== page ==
Almost 30% of girls turning 15 not fully immunised against HPV


HPV - teen girl getting vaccine

Around 38,400 of the estimated 137,460 girls aged 15 in 2013 were not fully immunised against the contagious virus that can cause cervical cancer, with coverage rates as low as 56% in some areas, a new report from the National Health Performance Authority finds.

Human papillomavirus is a common virus which for most people is harmless and without symptoms. However, for others the virus can cause a range of cancers, such as cervical cancer and other conditions such as genital warts.

Four out of five people will have an HPV infection at some stage of their lives.

The new report shows HPV immunisation rates for girls who turned 15 in 2013 by two levels of geography – by 31 areas covered by the new Primary Health Networks, and by more than 80 smaller areas that cover all of Australia, known as Statistical Areas Level 4 – the smallest areas for which HPV immunisation rates have been reported to date.

The report shows that out of the 137,460 girls estimated to be aged 15 in 2013, almost three-quarters of girls (72%, or 99,011 girls) were fully immunised against HPV. The report further reveals:

  • the five PHN areas with the highest percentages of girls fully immunised against HPV had coverage rates between 89% and 78%, while the six PHN areas with the lowest percentages had coverage rates between 66% and 56%; and
  • the five local areas (SA4s) with the highest percentages of girls fully immunised against HPV had coverage rates between 94% and 84%, while the five local areas with the lowest percentages had coverage rates between 60% and 56%.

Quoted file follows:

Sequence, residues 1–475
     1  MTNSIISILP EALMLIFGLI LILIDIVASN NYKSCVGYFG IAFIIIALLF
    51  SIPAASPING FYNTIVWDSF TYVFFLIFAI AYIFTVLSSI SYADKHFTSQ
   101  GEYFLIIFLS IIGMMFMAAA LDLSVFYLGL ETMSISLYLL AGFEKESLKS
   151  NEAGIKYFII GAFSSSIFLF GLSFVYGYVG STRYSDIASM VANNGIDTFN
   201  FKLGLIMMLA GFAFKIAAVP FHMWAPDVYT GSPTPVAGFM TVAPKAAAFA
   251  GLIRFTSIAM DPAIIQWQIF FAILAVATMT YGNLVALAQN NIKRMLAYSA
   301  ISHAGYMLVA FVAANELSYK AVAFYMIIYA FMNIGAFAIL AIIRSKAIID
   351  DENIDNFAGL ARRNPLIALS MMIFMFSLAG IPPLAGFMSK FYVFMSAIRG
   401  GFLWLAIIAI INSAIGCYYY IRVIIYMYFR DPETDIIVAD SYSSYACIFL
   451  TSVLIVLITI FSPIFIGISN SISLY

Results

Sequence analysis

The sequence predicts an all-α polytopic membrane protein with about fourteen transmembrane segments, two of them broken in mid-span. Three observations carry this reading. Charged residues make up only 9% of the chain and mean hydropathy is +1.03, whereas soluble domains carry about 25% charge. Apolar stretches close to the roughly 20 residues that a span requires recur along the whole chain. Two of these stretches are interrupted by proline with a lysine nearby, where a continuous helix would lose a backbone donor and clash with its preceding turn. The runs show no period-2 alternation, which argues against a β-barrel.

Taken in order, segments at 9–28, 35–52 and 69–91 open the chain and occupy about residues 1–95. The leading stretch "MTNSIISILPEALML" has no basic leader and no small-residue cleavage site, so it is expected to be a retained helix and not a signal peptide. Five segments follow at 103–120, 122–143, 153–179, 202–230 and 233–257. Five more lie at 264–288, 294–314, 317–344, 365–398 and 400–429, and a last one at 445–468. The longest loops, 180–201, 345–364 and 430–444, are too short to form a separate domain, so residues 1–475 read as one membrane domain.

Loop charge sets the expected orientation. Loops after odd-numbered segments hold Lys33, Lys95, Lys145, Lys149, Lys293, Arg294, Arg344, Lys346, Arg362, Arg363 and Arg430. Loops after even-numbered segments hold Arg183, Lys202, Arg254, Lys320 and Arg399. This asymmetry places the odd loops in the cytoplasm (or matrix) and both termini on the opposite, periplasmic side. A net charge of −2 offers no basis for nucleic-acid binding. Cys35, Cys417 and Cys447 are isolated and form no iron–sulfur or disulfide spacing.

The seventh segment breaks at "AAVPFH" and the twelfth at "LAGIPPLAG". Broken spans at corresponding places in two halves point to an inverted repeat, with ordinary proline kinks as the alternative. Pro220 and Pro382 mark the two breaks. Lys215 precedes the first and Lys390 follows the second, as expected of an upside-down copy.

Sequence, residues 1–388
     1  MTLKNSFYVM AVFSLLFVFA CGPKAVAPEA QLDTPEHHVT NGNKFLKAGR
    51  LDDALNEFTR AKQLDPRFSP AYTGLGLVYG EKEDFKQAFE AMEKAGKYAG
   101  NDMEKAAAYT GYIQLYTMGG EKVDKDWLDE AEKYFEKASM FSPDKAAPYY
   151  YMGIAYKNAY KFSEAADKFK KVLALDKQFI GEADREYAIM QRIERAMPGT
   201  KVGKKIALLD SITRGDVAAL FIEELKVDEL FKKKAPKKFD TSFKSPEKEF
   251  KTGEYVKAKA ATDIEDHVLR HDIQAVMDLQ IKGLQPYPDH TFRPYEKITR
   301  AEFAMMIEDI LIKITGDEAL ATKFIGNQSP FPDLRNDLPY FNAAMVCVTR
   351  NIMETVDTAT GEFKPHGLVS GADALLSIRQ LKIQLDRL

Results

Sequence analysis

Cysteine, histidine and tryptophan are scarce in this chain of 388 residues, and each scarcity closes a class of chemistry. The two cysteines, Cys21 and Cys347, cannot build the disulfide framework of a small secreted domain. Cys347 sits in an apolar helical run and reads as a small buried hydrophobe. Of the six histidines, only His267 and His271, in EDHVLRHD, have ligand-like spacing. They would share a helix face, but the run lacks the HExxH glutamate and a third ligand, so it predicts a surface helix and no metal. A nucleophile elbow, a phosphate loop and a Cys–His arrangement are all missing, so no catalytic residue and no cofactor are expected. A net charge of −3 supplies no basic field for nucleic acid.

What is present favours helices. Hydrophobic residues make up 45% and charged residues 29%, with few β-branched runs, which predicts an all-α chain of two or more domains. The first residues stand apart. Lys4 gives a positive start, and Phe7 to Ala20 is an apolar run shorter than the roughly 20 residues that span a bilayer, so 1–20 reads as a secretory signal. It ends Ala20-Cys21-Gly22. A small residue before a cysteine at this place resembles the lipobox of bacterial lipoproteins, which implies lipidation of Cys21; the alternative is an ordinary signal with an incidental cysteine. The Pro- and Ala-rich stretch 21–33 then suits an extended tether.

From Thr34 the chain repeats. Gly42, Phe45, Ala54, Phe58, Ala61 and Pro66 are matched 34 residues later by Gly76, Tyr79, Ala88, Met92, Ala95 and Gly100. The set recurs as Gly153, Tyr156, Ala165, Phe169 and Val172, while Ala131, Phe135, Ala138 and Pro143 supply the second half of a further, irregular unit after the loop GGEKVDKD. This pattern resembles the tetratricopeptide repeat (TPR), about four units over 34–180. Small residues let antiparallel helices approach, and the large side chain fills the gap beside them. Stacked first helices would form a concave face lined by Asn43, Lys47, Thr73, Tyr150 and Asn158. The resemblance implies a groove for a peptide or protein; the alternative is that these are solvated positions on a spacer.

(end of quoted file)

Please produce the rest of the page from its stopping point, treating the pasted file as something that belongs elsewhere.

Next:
National Health Performance Authority CEO Dr Diane Watson says today’s report provides the most nationally consistent data by local area available on HPV rates.

“Communities now have the clearest picture yet on where HPV immunisation rates are high and low. This new information will assist to better target strategies to improve HPV immunisation rates,” Dr Watson says.

“The National HPV Vaccination Program was introduced in 2007, to protect girls against infection by a virus known to cause cervical cancer.”

The report also includes changes over time and state and territory level rates.

Work is currently under way by the Performance Authority to increase the amount of nationally consistent information about health and care among people who live in PHN areas and local areas within them.

The Performance Authority’s MyHealthyCommunities website allows users to compare results for more than 130 measures, while the website’s MyReport tool allows users to create customised reports tailored to the particular health information that interests them.

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